Essential Science Indicators - Highly Cited Papers
Generally, citations to papers peak in the second, third, or fourth year after publication, but some papers continue to be cited for many years. A few papers can exhibit delayed recognition. The patterns can vary greatly depending on the type of paper, the field, and the nature of the finding reported. Papers reporting discoveries, for example, can rise quickly and then fall as the discovery is further elaborated in other articles. Papers reporting methods or techniques can gradually increase in citation frequency over several years as the methods diffuse throughout the community and prove their utility.
Selecting Highly Cited Papers
Since citation rates vary by field and older papers are cited more than recent papers, the selection procedure for highly cited papers takes these factors into account. The first step is to count the number of papers cited at different levels of citation and construct distributions for each field and year. These distributions for each field/year are then used to set selection thresholds by taking the same fraction of papers.
Time Period for Counts
The time period for counts is 10 years, plus partial year counts for the current year (data is updated every two to four months). This means that any papers in the 10+ year period can be cited by any items in that same period. Citations from all sources are counted, and are cumulated from the year of publication through the current year. Database years (the actual years when items are entered into the database, which is not necessarily the publication year) are used to define the time periods.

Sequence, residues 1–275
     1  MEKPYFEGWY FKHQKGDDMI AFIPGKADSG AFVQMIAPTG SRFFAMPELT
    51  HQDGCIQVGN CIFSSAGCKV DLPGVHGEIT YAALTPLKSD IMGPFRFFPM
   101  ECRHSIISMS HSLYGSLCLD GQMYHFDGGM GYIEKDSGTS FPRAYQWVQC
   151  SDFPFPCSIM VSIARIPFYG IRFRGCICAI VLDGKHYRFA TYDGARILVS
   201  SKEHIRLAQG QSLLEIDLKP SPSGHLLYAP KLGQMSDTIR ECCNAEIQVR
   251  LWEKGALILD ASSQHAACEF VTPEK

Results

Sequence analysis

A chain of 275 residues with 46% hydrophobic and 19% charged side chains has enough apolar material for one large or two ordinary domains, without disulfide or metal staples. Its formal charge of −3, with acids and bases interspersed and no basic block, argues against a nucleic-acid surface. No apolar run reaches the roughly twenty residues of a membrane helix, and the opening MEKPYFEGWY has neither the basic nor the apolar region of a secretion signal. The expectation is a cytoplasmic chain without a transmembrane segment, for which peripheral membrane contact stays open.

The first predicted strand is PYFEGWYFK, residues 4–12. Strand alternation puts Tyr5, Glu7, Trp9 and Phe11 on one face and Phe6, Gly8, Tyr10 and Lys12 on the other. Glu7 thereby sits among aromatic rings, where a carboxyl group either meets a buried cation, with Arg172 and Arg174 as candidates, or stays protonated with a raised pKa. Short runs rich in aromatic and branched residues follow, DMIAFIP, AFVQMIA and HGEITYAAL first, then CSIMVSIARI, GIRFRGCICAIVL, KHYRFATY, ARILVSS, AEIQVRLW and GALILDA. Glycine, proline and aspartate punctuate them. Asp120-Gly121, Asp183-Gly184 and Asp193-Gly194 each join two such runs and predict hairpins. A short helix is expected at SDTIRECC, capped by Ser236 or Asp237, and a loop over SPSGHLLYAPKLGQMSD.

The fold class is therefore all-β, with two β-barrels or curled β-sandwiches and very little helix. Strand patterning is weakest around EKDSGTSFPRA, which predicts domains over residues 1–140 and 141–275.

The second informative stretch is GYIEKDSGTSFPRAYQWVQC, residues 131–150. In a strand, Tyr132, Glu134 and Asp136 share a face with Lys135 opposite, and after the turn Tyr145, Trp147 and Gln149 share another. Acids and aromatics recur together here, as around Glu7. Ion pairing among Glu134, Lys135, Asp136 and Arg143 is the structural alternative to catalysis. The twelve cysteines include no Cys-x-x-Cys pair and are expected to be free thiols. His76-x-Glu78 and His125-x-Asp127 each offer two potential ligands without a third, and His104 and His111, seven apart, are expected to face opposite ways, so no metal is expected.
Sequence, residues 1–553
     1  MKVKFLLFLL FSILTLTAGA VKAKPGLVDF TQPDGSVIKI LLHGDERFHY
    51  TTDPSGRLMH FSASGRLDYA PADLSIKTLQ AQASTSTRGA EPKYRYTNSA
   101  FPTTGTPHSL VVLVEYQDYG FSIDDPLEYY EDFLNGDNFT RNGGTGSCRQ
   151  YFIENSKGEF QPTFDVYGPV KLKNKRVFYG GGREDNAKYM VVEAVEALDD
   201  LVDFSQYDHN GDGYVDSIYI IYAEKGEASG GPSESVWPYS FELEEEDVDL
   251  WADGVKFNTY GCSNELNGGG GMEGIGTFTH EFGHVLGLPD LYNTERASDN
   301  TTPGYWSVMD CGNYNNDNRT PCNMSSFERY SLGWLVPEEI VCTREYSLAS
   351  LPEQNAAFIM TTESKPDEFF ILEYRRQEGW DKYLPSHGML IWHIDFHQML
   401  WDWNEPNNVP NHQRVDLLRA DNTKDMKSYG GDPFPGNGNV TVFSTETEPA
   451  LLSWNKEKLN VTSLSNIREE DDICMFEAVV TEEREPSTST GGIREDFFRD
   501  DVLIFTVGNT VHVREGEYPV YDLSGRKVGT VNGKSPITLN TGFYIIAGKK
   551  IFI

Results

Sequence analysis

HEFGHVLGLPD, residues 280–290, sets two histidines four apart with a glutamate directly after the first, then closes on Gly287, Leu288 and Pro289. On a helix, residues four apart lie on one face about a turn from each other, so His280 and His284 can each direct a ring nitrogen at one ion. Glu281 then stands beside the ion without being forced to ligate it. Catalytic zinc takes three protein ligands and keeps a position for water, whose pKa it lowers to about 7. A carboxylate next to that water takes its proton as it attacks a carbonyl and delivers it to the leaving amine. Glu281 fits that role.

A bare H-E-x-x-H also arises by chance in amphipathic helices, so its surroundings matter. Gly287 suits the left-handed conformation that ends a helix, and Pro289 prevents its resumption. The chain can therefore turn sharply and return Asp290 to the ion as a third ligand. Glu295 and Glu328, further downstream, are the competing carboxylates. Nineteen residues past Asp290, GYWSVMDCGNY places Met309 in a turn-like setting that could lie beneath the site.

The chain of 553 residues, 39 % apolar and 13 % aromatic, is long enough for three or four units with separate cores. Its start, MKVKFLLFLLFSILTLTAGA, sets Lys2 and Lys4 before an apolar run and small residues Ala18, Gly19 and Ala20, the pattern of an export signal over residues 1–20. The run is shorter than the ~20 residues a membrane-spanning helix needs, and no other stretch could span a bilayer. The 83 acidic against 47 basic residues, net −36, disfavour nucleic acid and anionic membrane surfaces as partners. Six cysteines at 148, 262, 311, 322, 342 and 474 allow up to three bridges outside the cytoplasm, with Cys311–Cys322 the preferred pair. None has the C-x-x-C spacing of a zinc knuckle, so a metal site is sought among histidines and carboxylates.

Citation cutoffs specific to field and year are applied to all papers in the journal set to select highly cited papers. Citation thresholds are based on the distribution of citations, picking the specified top fraction of papers for each year and field. The thresholds are based on the cutoffs given in the All Years column of the Baseline Percentiles table.
Types of Items Counted
Papers are defined as regular scientific articles, review articles, proceedings papers, and research notes. Letters to the editor, correction notices, and abstracts are not counted. Only papers from journals covered by Web of Science Core Collection are counted.
Counts are based on a journal set categorized into 22 broad fields. Fields are defined by a unique grouping of journals with no journal being assigned to more than one field. The Multidisciplinary field contains journals such as Science and Nature, which in an article level classification, would be assigned to specific fields. This should be taken into account when analyzing the field ranking of an individual scientist, institution, or country/territory.